|A Colonial Tradition
Heraldry, which refers to the “system by which coats of arms and other armorial bearings are devised, described, and regulated”,14 has its origins in 12th-century Europe when designs on shields became a way by which medieval armies differentiated between friend and foe from a distance. Today, individuals, families, organisations, corporations and states can all apply for their own coat of arms. With its elaborate designs, symbols and meanings, the coat of arms is essentially a unique visual representation of one’s identity. Although a predominantly European practice, heraldic traditions are also found in Japan, where emblems or crests known as mon are used.15
Reflecting on an Unfamiliar Past
What is the significance of an obscure coat of arms from a bygone era in contemporary Singapore? The Royal Warrant Assigning Armorial Ensigns for the City of Singapore – with its archaic language, colonial symbols of authority and references to obsolete institutions such as the Singapore Municipal Commission – seems so distant from our lives today. By understanding its context and unpacking its meaning, however, we find in the royal warrant a record of a turning point in Singapore’s history.
Singapore in 1948 was poised to build its own self-determined future. But even as the first signs of political consciousness took root among the local populace, many of the foundations developed over a century of British rule remained – the rule of law, principles of urban planning, and the installation of certain forms of government and political institutions, among others. The social and political changes of the postwar years is best illustrated by the evolution in the meaning of the phrase Majulah Singapura – from the aspirational “May Singapore Flourish” of the municipal motto to the self-assured “Onward Singapore” of Singapore’s national anthem.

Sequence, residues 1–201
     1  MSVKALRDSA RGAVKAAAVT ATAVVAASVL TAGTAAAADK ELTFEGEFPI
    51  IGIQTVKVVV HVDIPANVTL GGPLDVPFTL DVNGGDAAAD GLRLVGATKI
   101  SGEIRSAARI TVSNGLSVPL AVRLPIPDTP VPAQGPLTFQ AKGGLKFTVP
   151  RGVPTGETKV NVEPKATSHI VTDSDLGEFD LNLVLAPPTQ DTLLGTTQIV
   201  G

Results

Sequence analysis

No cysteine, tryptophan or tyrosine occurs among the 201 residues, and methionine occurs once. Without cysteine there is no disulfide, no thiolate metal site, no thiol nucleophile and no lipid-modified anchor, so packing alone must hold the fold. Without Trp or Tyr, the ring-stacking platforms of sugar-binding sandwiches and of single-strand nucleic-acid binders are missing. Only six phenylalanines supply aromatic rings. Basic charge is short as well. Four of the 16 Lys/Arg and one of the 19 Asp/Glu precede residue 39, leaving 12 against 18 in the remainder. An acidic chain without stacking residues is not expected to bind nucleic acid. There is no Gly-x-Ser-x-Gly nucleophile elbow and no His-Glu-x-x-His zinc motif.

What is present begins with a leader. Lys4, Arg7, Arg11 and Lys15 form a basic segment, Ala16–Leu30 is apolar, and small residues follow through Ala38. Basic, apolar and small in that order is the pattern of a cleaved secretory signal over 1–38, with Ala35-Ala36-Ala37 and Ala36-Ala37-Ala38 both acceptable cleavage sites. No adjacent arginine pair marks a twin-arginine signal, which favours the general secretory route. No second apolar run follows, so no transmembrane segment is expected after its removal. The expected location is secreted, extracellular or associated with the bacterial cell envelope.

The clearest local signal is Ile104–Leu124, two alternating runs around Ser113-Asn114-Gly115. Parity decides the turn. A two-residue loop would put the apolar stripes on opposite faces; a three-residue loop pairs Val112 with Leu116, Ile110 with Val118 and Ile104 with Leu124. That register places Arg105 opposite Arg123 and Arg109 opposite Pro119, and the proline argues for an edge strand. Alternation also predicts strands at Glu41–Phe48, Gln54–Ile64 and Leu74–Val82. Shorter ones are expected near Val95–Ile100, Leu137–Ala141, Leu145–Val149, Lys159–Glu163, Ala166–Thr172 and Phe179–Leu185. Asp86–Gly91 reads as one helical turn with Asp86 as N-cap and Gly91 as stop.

The royal warrant thus reveals Singapore in 1948 to be in a liminal zone, caught between the weight of colonial history and the promise of a new world.
|The Royal Warrant Assigning Armorial Ensigns for the City of Singapore, along with other rare materials from the National Archives of Singapore and National Library, are on display at the permanent exhibition “Law of the Land: Highlights of Singapore’s Constitutional Documents”. The exhibition takes place at the Chief Justice’s Chamber & Office, National Gallery Singapore.|
- The park is the site of the former Mount Emily Swimming Complex, Singapore’s first public pool, which was converted from a service reservoir and opened in 1931. The reservoir was built in 1878 to supply the town with fresh water.
- The “R” in G. R. VI is an abbreviation of Rex (King). See New coat of arms arrives. (1948, August 15). The Straits Times, p. 5. Retrieved from NewspaperSG.
- S’pore seeks coat of arms. (1947, July 30). The Singapore Free Press, p. 5. Retrieved from NewspaperSG.
- The Straits Times, 15 Aug 1947, p. 5.
- The crest of the Straits Settlements arms came in four quadrants, each representing a constituent settlement – Singapore, Melaka, Penang and Labuan. The British dissolved the Straits Settlements on 1 April 1946, with Melaka and Penang joining the Malayan Union, and Singapore becoming a crown colony of its own. Labuan was incorporated into the crown colony of North Borneo on 15 July 1946.
- Word changed on Singapore’s common seal. (1940, January 28). The Straits Times, p. 9. Retrieved from NewspaperSG.
- Say ‘Majulah Singapura’ he suggests. (1952, July 15). The Straits Times, p. 4. Retrieved from NewspaperSG.
- Official motto for Penang adopted: ‘United and Loyal’. (1950, November 7). Singapore Standard, p. 4. Retrieved from NewspaperSG.
- Yeoh, B. S. A. (2003). Contesting space in colonial Singapore: Power relations and the urban built environment (p. 28). Singapore: University Press. (Call no.: RSING 307.76095957 YEO)
- Yeoh, 2003, p. 30.
- Turnbull, C. M. (2009). A history of modern Singapore, 1819–2005 (p. 269). Singapore: NUS Press. (Call no.: RSING 959.57 TUR-[HIS])
- McKerron, P. A. B. (1949). Colony of Singapore annual report, 1948 (p. 5). Singapore: Government Printing Office. (Call no.: RSING 959.57 SIN-[GBH])
- The king sends congratulations. (1951, September 22). The Straits Times, p. 1. Retrieved from NewspaperSG.
- Oxford University Press. (2017). Heraldy. Retrieved from Oxford Dictionaries website.
- Slater. S. (2002). The complete book of heraldry: An international history of heraldry and its contemporary uses (p. 232). London: Lorenz. (Call no.: q929.6 SLA)